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Friday, December 2, 2022

How Big Is The Tesla Semi-Truck Battery Pack?

Tesla delivered the first of their semi-trucks to a customer last night. The Pepsi / FritoLay company was the lucky customer. We learned a lot about the vehicle's capabilities in the presentation, but one thing we didn't learn is the size (energy capacity) of the battery pack. 

In this entry, we'll use what we know about the battery to put upper and lower bounds on the capacity and infer a likely size. If you don't want to read to the end, our current estimate for the size of the battery pack in the Tesla Semi is 914kWh usable. Read on if you'd like to know how we came to this conclusion. 

We know the cells are produced at Giga Nevada and, given the hauling use case, they are likely the high-Nickel chemistry that was developed in partnership with Panasonic. 

Tesla has said that the semi (fully loaded) has an efficiency better than 2kWh per mile. Additionally, the semi recently completed a fully loaded 500-mile drive. 

Using these two numbers gives us a 1000kWh (1GWh) capacity estimate, but there's more to the story. 

Taking a close look at the drive above, you can see that it started with 97% charge and ended with a 4% charge; so if you were doing a true 100 to zero percent trip, you'd have another 7% of capacity to use. That would be a 537-mile range, at 2kWh per mile, the upper bound for the pack size is 1,075kWh. 

As Musk often does, he gave us more info on Twitter. Specifically, he said that the current efficiency of the semi is 1.7kWh per mile. Another digit of precision would be nice, but we'll go with this for now. 

Recalculating using this number and the 500-mile trip yields an 850 kWh battery. Using the inferred 537-mile trip would use a 914kWh capacity battery pack usable.

In battery-powered electric vehicles, there's usually some reserve capacity that's locked away from the driver's use. This helps extend the battery lifespan. If we assume a 6% reserve, this adds another 55 kWhs to the pack, bringing the total pack size to 969kWh.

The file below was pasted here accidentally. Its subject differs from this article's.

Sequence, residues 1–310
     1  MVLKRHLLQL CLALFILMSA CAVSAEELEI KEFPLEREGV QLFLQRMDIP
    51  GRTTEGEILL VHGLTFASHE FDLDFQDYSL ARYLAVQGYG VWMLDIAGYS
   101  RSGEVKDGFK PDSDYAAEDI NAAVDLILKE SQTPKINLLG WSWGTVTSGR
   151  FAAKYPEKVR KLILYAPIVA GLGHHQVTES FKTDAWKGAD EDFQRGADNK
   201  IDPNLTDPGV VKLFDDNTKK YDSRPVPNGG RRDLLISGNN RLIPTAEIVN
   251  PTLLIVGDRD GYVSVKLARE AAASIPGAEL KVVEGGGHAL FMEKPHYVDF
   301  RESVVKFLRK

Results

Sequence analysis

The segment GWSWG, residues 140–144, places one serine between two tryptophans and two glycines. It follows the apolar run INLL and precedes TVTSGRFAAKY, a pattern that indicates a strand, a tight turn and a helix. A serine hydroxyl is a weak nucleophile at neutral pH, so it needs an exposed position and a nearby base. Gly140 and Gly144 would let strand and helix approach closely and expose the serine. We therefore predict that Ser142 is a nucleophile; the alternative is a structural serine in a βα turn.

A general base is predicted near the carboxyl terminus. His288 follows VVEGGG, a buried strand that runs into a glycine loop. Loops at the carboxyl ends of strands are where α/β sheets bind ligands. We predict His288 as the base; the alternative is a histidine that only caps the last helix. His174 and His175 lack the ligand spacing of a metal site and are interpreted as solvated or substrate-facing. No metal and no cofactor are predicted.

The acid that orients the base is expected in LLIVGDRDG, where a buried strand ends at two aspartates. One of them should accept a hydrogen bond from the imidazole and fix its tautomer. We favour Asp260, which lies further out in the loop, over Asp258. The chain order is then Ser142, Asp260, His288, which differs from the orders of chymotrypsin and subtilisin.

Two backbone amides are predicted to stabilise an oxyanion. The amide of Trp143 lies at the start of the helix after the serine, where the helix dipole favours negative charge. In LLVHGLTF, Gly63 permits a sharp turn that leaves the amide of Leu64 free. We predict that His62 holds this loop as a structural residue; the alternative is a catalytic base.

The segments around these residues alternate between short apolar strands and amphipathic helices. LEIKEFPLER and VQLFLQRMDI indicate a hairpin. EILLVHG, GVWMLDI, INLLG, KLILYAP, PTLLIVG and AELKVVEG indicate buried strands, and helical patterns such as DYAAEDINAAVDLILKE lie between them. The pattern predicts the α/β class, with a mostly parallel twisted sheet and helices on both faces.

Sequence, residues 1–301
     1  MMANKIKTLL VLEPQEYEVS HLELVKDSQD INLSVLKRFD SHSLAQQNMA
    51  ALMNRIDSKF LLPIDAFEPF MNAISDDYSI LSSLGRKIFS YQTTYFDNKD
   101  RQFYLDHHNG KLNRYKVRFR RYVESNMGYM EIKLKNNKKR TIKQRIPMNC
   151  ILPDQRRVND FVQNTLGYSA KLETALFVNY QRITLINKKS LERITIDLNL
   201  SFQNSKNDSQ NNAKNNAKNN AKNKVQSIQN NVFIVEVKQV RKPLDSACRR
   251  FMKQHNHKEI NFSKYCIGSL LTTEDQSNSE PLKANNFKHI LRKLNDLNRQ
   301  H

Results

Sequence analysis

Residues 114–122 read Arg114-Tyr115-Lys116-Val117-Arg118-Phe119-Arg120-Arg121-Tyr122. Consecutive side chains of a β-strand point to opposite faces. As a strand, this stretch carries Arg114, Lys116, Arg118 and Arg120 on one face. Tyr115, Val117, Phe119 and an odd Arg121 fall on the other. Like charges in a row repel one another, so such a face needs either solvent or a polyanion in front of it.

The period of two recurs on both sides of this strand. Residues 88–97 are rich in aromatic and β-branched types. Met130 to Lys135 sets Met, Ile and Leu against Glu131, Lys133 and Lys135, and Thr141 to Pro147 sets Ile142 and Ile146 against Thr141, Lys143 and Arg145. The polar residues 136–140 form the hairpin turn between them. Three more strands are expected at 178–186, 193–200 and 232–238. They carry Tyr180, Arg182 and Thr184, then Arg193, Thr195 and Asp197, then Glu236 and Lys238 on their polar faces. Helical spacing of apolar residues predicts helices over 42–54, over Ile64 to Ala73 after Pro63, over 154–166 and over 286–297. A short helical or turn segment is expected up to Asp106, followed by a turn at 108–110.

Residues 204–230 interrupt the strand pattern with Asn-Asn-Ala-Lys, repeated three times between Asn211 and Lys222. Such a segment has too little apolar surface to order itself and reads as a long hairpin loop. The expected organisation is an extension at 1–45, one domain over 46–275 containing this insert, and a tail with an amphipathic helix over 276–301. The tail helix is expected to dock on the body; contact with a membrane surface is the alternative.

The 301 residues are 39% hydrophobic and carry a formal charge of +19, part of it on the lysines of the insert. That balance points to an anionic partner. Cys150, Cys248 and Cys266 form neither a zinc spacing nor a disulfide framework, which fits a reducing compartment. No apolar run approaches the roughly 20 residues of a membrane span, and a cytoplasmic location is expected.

A 1.7kWh/mile efficiency is the energy equivalent of about 20 miles per gallon (20 MPGe while hauling a full load). For a comparison, with a full load, Diesel class 8 semi-trucks average about 6 MPG. The most efficient Diesels semis out there (the Freightliner Cascadia Evolution) gets 10 MPG on a good day. So the Tesla Semi has a fuel efficiency that's triple the average (and double the best), compared to Diesel semi-trucks.

Today, semis are primarily Diesel-powered. Electrifying semi-trucks is very important. In the US, they are only about 1% of vehicles on the roads, but they have a very outsized pollution impact; they generate about 20% of vehicle emissions and about 36% of particulate emissions. This directly has an impact on health and air quality. Semi-trucks from Tesla, Freightliner, BMW, and others will help make a cleaner world. 


  1. We also did not hear how much the cab weighs. This can be a significant factor, as it will limit the amount/type of cargo that can be carried before crossing the magical 82000lb limit.

    It does seem as if it is fairly efficient, which is cool.

    1. True, we don't (yet) know the cab weight. However, battery tech is advancing and with each generation, the cab weight we be lighter and the cargo weight will be better. When the semi production moves to 4680 cells (and to Austin), we can expect an improvement. Until then, there are still plenty of use cases for lighter cargo loads.